Today’s Health Watch: 10-year-old UAE-based Pinoy with rare heart defect to undergo operation in India

A 10-year-old Filipino boy with a rare congenital heart defect is heading for India to undergo an operation, after a foundation offered to sponsor the procedure. Gil Merced and his parents will travel to Kochi for the operation, according to a report on UAE news site Khaleej Times on Sunday. READ MORE


‘Sweet’ New Way to Prevent Heart Disease

Preventing heart disease never sounded so sweet.

According to a study published in the British Medical Journal in late August 2011, people who ate more chocolate reduced their risk of heart disease by 37 percent, their risk for stroke by 29 percent.

Eating chocolate clearly reduces the risk of cardiovascular disease, but this should come as no surprise. Chocolate is made from cocoa beans, and the less it is processed, the greater the health benefits to the human body. When selecting chocolate to eat, the less fat content and the more cocoa, the better. Dark chocolate is a palatable way to get your daily fix. Eating about 150 calories worth of chocolate each day, at 60-percent or higher cocoa content, should be part of a heart-healthy dietary plan for many at-risk patients.

Consumption of dark chocolate lowers your bad cholesterol and blood pressure, and also protects your blood vessels. It raises good cholesterol and may even increase cognitive function by increasing blood flow to the brain. This commonly available candy also reduces the risk of stroke and heart disease.

Chocolate, like meditation and walking, increases the feel-good compound nitric oxide in the bloodstream. The production of nitric oxide can help with sexual dysfunction in males. Cocoa consumption can even help guard against the damaging effects of sun exposure.

In a challenging financial climate where medical and pharmaceutical costs are skyrocketing, we finally have a sweet answer to several cardiovascular threats: Daily chocolate consumption.

Look out Lipitor – we have a better over-the-counter product that is cheaper, safer and widely available to adults and children alike.

New Guidelines for Fighting Obesity and Heart Disease in Children

There are new recommendations on cholesterol screening, and much more, just issued by the National Heart, Lung and Blood Institute (NHLBI). TheirBob Tozzi at the November 2011 AHA Conference mission is clear from the document’s title: “Cardiovascular Risk Reduction in Children and Adolescents: The New NHLBI Guideline.”

The document is in direct response to the alarming proportion of children who have markedly abnormal cholesterol levels and evidence of atherosclerosis – a disease normally thought of as an adult medical problem. These recommendations are designed to help reverse the epidemic of obesity and the related diseases that are growing at an alarming rate in our children.

At the November 2011 American Heart Association Convention in Orlando, as I observed the NHLBI presentation about these new and much-anticipated recommendations for preventing heart disease in children, I looked around at the sparsely-filled room. It was set up with seats to accommodate 600 professionals. There were fewer than 200 in attendance. Perhaps this was because it was an evening presentation, or maybe it reflects physician frustration at the enormity of the public-health issue of obesity, with its secondary problems of hypertension, hypercholesterolemia and resultant heart disease.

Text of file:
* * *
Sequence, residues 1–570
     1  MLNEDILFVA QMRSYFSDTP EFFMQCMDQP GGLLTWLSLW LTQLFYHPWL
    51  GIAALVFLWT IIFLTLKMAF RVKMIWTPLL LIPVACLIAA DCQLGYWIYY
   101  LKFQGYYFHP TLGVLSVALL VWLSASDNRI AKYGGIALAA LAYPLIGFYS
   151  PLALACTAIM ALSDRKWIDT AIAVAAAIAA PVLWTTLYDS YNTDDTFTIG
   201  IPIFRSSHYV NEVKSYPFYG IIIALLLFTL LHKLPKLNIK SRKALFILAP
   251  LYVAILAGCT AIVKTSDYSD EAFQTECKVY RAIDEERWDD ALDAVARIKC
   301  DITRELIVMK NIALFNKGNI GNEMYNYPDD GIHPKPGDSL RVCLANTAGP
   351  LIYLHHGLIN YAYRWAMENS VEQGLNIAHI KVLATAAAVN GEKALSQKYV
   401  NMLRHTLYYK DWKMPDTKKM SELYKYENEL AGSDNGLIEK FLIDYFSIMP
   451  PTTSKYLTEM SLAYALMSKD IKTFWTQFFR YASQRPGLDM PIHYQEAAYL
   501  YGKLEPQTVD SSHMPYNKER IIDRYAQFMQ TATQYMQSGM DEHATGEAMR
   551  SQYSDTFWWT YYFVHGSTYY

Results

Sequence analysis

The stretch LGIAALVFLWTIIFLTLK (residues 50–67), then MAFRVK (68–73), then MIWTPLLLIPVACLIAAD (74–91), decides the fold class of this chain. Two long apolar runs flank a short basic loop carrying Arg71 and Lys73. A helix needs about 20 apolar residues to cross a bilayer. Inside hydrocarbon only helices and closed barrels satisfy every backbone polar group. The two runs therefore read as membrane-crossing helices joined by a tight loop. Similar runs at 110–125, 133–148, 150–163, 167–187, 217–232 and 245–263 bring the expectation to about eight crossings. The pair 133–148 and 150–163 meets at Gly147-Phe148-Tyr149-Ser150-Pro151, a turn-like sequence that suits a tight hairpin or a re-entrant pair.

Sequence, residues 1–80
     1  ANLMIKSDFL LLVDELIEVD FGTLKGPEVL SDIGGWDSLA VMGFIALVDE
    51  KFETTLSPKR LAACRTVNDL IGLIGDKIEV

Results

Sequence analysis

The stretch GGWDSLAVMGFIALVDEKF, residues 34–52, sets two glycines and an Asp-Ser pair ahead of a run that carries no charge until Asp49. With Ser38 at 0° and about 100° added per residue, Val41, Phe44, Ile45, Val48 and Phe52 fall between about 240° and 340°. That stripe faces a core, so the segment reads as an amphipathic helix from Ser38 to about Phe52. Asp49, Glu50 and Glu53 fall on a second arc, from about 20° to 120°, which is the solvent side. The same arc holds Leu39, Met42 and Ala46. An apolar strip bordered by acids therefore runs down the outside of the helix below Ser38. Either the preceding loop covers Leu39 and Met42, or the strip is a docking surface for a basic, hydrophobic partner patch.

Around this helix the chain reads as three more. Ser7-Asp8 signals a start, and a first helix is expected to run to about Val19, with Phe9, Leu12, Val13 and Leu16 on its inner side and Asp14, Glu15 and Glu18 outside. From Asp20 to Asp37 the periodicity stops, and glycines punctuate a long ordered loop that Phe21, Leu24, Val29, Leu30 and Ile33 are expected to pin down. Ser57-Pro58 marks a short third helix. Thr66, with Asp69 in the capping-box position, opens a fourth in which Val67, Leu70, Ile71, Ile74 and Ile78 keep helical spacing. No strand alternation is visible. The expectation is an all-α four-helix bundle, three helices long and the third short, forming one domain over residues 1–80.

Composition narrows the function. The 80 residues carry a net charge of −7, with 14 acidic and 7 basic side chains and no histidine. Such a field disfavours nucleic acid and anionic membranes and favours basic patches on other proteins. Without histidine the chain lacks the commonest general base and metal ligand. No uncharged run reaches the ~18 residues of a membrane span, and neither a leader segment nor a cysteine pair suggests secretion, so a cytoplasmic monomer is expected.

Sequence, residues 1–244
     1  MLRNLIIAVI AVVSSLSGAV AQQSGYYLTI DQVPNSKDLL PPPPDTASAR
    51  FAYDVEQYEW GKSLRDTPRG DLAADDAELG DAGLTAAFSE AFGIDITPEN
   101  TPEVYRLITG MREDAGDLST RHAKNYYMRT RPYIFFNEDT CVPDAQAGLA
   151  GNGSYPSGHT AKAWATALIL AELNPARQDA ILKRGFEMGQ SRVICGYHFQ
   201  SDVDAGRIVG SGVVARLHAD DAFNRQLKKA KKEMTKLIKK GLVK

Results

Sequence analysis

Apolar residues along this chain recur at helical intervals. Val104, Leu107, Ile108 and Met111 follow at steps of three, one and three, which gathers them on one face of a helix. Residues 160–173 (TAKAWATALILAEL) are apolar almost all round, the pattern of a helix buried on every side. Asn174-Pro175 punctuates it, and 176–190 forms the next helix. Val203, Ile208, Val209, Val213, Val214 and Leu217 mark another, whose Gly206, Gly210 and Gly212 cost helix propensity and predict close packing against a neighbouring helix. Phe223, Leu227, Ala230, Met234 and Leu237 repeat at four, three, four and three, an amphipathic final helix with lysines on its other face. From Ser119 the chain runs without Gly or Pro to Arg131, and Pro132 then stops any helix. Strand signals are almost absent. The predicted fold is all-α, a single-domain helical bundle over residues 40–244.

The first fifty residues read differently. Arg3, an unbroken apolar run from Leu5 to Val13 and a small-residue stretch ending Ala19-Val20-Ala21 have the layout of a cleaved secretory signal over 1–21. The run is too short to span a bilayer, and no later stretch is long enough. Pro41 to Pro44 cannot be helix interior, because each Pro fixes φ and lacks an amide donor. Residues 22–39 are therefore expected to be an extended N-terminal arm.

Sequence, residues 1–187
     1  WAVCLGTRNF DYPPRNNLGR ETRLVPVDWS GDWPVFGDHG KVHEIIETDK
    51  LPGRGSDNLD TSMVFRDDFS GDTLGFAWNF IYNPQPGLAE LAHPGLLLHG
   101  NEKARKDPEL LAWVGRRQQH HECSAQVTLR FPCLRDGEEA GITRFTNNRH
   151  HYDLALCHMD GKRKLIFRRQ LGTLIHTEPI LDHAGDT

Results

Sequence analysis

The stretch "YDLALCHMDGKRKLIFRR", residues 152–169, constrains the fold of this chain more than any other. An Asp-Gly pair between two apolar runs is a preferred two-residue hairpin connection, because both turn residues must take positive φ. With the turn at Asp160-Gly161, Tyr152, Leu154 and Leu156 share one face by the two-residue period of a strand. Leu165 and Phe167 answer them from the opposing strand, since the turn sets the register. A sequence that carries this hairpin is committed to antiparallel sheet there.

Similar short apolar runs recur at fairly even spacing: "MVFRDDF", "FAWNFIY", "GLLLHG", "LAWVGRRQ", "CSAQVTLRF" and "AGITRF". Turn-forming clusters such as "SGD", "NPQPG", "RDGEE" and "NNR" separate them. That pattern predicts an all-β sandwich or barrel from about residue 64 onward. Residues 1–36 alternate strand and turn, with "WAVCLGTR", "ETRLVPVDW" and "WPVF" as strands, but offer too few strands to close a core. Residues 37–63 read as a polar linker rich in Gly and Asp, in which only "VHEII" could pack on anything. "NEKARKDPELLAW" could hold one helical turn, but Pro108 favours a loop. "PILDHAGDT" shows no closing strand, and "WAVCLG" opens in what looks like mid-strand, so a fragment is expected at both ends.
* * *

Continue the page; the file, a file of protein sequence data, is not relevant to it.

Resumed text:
In any case, the guideline document needs to be widely disseminated within the medical community.

The comprehensive NHLBI review began with a computer-generated initial list of 1 million articles. The final document incorporated the best-of-the-best research on the topic, representing a derived-consensus document.

These are the significant take-away points:

  • High cholesterol in children is related to the development of heart disease in the adult.
  • With the obesity epidemic, cholesterol levels are rising even higher. Reduction in obesity will lower cholesterol levels.
  • Early intervention is needed for hypercholesterolemia and poor health habits in children (the behaviors as well as the diseases continue into adulthood).
    Initial management for abnormal serum cholesterol is education about healthy diet and exercise.
  • Healthy diet-education is best handled with the entire family involved and a dietitian.
  • Examples of healthy diet include the DASH diet and the Mediterranean diet.
  • There should be universal screening for elevated cholesterol for ages 9-11 years.
  • There should be earlier screening for high-risk individuals.
  • Medications may be needed in about 1percent of children (upwards of 200,000 children).
  • Parents must increase the activity level of children and reduce TV and computer time. The recommended activity level for 5 years and older is one hour of moderate to vigorous exercise per day.

Quite simply, this list should be posted in every pediatric physician’s office across the United States.

Video: The Watanabe Rabbits

“Studies Show…”: Beware of Medical Bills of Goods

During this last week, I became upset when I heard doctors quoting from an article published in the journal Pediatrics, suggesting that the use of stimulants to treat ADHD in children is a safe practice and we do not need to screen them for heart disease.

Shortly afterward, I noticed that Medscape published an educational piece for doctors and other health professionals, using the same flawed study to support their view. The Medscape article is titled “No Increase in Cardiac Events or Death with ADHD Drugs.”

The article opens with this statement: “Children and adolescents who take medication for attention-deficit/hyperactivity disorder (ADHD) are not at increased risk for cardiovascular events and death, according to results of a large observational cohort study.”